Where Russian blood oil goes
Russian Vice Prime Minister Alexandr Novak said in June that the upward trend in energy supplies to Asian countries will continue.
“Of the 223 million tons of oil and oil products that were exported to the West, only 87 million tons (or only 40%) will remain,” Novak said. Russia plans to ship more than 80% of its oil exports and 75% of its oil products to friendly countries this year.
Western sanctions forced Russia, which previously exported 2.5 million tons of gasoline every year to Europe, to reroute exports to other continents, including Africa. Africa imported a record 812,000 tons of Russian gasoline—about one-third of Russia’s total exports—in 2022. Nigeria imported 488,000 tons of Russian gasoline from January through March, a more than 1,000% increase over the same period last year.
Regarding Russia’s crude oil supply infrastructure, Transneft plans to expand the capacity of its main oil pipelines by 32 million tons by 2026, with a total of 600 kilometers of oil pipelines to be built. Transneft has already increased the transshipment capacity of its Far East port of Kozmino to 42 million tons to increase oil supplies to Asia-Pacific countries.
Why effective oil sanctions are critical to stopping Russia
Energy income accounts for more than 40% of Russia’s federal budget, so when oil export revenues decline, the country will either have to cut back on spending on its war effort or reallocate money from social programs.
The International Monetary Fund earlier this year projected that by 2027, Russian economic output could be about 7 percent lower than prewar forecasts, assuming strong sanctions on Russia. “Loss of human capital, isolation from global financial markets, and limited access to advanced technology will hinder the development of the Russian economy,” the IMF said in April 2023.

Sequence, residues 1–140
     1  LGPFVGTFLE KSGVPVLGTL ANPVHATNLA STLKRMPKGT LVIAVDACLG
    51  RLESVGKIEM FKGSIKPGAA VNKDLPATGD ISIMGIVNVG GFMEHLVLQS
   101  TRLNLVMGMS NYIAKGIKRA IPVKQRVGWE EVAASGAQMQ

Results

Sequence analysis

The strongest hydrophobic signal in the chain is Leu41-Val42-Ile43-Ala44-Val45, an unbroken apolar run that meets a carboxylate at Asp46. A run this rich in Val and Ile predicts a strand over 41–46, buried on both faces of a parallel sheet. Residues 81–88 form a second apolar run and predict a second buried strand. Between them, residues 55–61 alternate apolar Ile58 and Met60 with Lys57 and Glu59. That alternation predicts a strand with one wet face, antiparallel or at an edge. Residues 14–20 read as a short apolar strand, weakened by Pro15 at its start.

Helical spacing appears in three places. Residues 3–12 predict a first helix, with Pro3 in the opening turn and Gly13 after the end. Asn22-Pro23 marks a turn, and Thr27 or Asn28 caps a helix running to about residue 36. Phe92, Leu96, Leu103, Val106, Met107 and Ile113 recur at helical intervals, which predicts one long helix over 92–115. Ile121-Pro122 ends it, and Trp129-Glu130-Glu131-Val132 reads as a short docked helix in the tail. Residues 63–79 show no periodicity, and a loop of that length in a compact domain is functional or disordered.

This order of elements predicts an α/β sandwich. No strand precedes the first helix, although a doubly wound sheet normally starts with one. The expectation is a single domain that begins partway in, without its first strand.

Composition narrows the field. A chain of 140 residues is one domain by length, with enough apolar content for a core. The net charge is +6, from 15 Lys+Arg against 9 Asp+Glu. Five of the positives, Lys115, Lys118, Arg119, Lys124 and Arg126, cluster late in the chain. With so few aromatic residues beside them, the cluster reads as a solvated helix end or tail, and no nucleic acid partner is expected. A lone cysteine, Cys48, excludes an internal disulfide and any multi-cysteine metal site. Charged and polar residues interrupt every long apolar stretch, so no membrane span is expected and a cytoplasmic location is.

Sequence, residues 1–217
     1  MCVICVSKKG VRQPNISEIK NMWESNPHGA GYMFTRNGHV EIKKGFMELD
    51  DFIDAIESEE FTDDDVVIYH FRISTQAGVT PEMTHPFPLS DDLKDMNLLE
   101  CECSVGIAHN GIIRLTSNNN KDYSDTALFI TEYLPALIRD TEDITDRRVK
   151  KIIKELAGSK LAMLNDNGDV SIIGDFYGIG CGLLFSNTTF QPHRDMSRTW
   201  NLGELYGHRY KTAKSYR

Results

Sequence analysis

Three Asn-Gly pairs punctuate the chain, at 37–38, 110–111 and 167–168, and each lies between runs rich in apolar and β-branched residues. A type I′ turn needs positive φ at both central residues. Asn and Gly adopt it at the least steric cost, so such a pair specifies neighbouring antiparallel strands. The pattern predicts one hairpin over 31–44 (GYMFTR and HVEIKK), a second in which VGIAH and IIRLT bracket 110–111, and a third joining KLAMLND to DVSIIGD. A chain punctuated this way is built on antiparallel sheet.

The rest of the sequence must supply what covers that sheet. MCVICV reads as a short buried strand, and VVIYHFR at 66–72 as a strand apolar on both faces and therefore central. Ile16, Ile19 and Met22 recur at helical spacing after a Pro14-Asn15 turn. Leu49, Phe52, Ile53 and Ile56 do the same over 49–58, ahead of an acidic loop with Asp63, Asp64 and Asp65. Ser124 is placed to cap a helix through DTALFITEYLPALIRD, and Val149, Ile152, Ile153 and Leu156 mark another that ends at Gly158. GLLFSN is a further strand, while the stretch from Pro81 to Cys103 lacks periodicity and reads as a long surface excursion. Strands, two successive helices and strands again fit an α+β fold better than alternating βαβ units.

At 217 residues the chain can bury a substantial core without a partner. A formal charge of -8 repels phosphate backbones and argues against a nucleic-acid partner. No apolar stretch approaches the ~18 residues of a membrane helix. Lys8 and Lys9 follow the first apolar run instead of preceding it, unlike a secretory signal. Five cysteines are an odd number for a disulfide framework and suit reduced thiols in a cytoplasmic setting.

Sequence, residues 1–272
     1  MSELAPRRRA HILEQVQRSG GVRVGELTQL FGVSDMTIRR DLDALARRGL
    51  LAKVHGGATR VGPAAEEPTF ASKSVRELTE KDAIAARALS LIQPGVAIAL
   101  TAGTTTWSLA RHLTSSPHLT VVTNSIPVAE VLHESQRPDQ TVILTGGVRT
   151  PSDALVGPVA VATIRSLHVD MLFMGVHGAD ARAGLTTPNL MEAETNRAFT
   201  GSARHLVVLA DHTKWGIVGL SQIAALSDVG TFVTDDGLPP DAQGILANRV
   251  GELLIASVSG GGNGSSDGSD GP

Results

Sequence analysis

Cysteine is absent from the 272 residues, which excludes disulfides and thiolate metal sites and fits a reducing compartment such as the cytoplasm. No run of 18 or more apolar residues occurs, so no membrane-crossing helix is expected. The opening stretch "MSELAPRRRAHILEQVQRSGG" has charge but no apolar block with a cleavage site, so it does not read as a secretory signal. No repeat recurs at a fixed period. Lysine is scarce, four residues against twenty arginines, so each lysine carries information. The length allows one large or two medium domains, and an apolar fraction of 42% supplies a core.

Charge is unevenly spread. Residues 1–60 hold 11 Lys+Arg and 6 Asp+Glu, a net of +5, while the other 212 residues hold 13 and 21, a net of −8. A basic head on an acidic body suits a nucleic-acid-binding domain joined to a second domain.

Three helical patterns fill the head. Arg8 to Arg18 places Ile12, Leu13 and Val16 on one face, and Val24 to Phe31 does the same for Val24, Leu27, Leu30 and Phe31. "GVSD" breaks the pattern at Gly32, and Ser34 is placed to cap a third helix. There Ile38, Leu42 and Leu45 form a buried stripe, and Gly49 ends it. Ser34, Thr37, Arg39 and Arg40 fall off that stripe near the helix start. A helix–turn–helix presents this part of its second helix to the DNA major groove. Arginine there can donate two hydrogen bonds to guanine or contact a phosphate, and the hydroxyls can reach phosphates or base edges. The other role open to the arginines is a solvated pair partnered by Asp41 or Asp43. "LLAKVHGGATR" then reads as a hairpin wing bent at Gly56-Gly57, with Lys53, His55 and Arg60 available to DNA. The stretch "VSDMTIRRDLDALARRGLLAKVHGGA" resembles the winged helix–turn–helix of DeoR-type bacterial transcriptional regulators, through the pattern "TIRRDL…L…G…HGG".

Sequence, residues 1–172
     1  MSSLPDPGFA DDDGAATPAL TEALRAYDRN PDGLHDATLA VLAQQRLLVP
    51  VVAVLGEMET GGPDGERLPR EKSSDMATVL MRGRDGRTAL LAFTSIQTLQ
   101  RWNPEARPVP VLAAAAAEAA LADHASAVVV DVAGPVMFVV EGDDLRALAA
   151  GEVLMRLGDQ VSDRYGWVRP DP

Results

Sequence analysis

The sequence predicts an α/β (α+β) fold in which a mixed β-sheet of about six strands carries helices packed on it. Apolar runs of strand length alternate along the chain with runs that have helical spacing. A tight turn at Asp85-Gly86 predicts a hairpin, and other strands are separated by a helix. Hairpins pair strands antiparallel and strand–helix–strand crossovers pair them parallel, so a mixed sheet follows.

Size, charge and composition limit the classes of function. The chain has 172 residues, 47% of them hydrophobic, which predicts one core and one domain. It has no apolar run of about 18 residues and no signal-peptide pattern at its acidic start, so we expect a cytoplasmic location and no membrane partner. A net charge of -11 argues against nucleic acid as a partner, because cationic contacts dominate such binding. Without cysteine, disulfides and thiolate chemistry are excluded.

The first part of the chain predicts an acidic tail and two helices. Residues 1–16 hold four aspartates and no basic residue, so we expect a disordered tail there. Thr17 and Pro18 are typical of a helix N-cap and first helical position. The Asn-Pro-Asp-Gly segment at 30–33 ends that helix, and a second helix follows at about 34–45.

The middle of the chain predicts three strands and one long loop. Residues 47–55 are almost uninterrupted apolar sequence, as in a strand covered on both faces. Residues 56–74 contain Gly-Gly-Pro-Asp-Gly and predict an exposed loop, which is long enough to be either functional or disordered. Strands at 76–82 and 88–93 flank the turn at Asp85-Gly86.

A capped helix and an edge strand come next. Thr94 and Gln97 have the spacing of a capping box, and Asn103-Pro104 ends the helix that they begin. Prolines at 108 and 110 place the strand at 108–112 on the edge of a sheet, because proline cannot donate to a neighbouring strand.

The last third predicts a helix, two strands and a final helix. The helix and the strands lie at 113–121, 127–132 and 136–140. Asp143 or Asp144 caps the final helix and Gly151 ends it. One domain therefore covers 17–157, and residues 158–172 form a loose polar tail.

Yet, even those moderate decline projections might be too optimistic, and today’s reality is that Russia’s economy is far from going under.
Urgent need for G7 embargo redesign and enforcement
The mushrooming of Russian oil exports and oil products underscores the urgent need to redesign the G7’s comprehensive embargo policy and establish more rigorous enforcement.
A Kyiv School of Economics (KSE) investigation, whose experts take part in the Yermak-McFaul International working group on sanctions against Russia, found that export prices for Russian crude oil exceeded the cap during 2023’s first quarter. Experts say sanction violations since April underscore the need for more rigorous enforcement.
Prices at Russia’s critical Kozmino port stood at roughly $73 per barrel during the first three months of the year—consistent with Eastern Siberia-Pacific Ocean pipeline numbers estimated by market intelligence providers. According to the KSE analysis, more than 95% of the total export volume at Kozmino was sold at a price above the $60 per barrel threshold.